The insurer also argues that the owner's arson amounted to conversion of the mortgagee's interest in the insured property and is, therefore, within one of the exceptions to the loss payable clause. Because the language of the loss payable clause is clear and unambiguous, the words will be given their ordinary meaning. Kolligian v. Prudential Ins. Co., 353 Mass. 322, 324 (1967). A simple reading of the loss payable clause reveals that it is a conversion of the insured property, not of the mortgagee's interest in that property, which would shield the

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insurer from liability. Thus, the insurer's contention that the mortgagee's security interest was converted is irrelevant.

As to the argument that the insured property itself was converted when burned, it is enough to note that conversion requires an interference with property to which another has an immediate right of possession. See Mechanics Nat'l Bank v. Killeen, 377 Mass. 100, 115 (1979). Nothing in the record indicates that at the time of the arson anyone other than the owner had an immediate right to possess the insured vehicle. Burning of the vehicle by the owner was not a conversion. If insurers wish to avoid liability to mortgagees where owners burn their vehicles, then insurers should endeavor to add arson to the list of owner acts excepted from coverage.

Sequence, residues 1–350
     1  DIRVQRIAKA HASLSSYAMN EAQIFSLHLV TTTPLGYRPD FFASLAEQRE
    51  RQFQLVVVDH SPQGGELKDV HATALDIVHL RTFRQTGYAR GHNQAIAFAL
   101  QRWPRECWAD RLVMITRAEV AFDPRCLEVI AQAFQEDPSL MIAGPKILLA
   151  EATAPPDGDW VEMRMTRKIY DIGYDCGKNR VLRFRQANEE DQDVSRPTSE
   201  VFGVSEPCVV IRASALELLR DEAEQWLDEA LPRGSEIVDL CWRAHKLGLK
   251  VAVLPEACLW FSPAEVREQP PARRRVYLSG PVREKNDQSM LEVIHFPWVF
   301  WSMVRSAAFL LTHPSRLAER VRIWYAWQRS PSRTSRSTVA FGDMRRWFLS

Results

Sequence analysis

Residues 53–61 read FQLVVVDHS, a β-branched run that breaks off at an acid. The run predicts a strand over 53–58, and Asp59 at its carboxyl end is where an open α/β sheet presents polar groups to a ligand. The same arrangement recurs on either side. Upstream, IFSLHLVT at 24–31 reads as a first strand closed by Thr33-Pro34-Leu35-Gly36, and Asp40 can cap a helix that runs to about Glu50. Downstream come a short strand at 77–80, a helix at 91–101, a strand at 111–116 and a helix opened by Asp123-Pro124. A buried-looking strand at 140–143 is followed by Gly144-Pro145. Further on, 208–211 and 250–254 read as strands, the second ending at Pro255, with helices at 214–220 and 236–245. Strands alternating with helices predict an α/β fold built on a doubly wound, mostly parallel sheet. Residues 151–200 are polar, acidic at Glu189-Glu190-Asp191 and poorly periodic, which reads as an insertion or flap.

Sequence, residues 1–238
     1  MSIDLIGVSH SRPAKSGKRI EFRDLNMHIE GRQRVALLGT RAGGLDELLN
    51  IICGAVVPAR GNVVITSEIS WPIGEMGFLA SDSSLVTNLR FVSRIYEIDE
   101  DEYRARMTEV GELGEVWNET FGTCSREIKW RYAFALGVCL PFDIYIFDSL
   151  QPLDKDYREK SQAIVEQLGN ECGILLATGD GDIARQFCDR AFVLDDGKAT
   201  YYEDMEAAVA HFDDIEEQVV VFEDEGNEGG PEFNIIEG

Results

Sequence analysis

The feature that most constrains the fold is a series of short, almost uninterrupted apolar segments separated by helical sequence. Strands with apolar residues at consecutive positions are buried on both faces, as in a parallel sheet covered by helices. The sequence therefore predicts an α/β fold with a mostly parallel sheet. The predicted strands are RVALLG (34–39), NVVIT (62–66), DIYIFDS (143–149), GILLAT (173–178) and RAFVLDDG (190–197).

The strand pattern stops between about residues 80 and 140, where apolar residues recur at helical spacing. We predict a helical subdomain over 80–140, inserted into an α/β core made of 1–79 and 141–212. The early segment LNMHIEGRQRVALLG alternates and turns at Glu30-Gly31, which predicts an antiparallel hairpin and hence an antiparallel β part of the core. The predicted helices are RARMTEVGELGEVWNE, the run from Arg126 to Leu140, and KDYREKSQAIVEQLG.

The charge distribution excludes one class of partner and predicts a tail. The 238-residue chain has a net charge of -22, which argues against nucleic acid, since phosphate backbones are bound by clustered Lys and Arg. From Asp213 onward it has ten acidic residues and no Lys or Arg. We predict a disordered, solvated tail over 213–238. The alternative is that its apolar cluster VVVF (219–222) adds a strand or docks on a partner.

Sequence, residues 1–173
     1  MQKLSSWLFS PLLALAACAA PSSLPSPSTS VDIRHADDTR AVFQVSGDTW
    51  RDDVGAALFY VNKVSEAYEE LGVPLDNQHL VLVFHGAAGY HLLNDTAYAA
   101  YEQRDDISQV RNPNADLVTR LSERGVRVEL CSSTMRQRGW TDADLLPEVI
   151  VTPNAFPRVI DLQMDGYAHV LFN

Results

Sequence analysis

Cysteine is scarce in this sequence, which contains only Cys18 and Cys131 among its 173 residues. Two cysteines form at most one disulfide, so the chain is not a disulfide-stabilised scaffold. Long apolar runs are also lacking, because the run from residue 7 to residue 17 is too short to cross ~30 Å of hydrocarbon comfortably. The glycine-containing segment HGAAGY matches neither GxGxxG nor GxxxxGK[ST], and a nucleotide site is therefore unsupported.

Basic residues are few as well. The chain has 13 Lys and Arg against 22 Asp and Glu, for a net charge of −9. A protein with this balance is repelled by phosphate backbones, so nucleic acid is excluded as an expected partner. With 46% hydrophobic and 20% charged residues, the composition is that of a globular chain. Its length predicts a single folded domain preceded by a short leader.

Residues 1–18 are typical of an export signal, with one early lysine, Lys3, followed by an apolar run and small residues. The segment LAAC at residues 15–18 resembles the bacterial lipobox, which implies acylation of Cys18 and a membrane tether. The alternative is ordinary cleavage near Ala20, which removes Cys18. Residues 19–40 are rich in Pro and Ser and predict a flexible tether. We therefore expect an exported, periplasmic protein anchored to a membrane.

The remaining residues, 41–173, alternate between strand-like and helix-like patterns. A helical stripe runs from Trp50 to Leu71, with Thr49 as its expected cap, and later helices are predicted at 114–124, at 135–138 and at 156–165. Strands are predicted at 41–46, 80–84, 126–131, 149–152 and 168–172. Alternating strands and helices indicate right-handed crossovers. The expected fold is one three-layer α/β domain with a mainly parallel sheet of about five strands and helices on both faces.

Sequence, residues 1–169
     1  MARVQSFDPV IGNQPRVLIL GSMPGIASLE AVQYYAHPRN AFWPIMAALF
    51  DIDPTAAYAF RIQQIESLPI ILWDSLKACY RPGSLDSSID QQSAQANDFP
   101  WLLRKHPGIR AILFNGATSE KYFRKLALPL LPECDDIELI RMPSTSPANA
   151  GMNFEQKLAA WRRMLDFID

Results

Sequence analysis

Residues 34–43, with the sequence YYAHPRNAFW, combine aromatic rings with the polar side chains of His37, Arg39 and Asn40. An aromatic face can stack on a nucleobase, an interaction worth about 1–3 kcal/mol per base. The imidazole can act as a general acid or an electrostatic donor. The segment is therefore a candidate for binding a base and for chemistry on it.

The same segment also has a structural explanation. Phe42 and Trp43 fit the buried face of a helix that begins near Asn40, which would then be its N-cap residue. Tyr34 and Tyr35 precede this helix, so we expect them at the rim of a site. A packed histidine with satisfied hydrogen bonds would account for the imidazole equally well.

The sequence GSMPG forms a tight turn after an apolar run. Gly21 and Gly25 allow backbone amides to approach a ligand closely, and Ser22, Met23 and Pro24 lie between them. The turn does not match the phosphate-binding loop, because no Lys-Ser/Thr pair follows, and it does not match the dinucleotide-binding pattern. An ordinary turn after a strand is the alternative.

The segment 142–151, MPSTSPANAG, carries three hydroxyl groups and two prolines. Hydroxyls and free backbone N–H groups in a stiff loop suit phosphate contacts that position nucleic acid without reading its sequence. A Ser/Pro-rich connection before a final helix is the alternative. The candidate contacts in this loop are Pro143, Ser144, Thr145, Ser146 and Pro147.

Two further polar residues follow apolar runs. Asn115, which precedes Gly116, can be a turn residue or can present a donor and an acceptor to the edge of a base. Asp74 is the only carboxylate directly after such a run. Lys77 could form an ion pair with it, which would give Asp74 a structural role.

The insurer argues that public policy should preclude recovery by the mortgagee here, because allowing recovery will encourage other owners to burn their vehicles. In the circumstances here, where there is no suggestion that the mortgagee was implicated in the burning of the vehicle, we discern no policy considerations that should prevail over the plain meaning of the loss payable clause.

The case is remanded to the Superior Court where the plaintiff's motion for partial summary judgment is to be allowed and further proceedings shall be consistent with this opinion.

So ordered.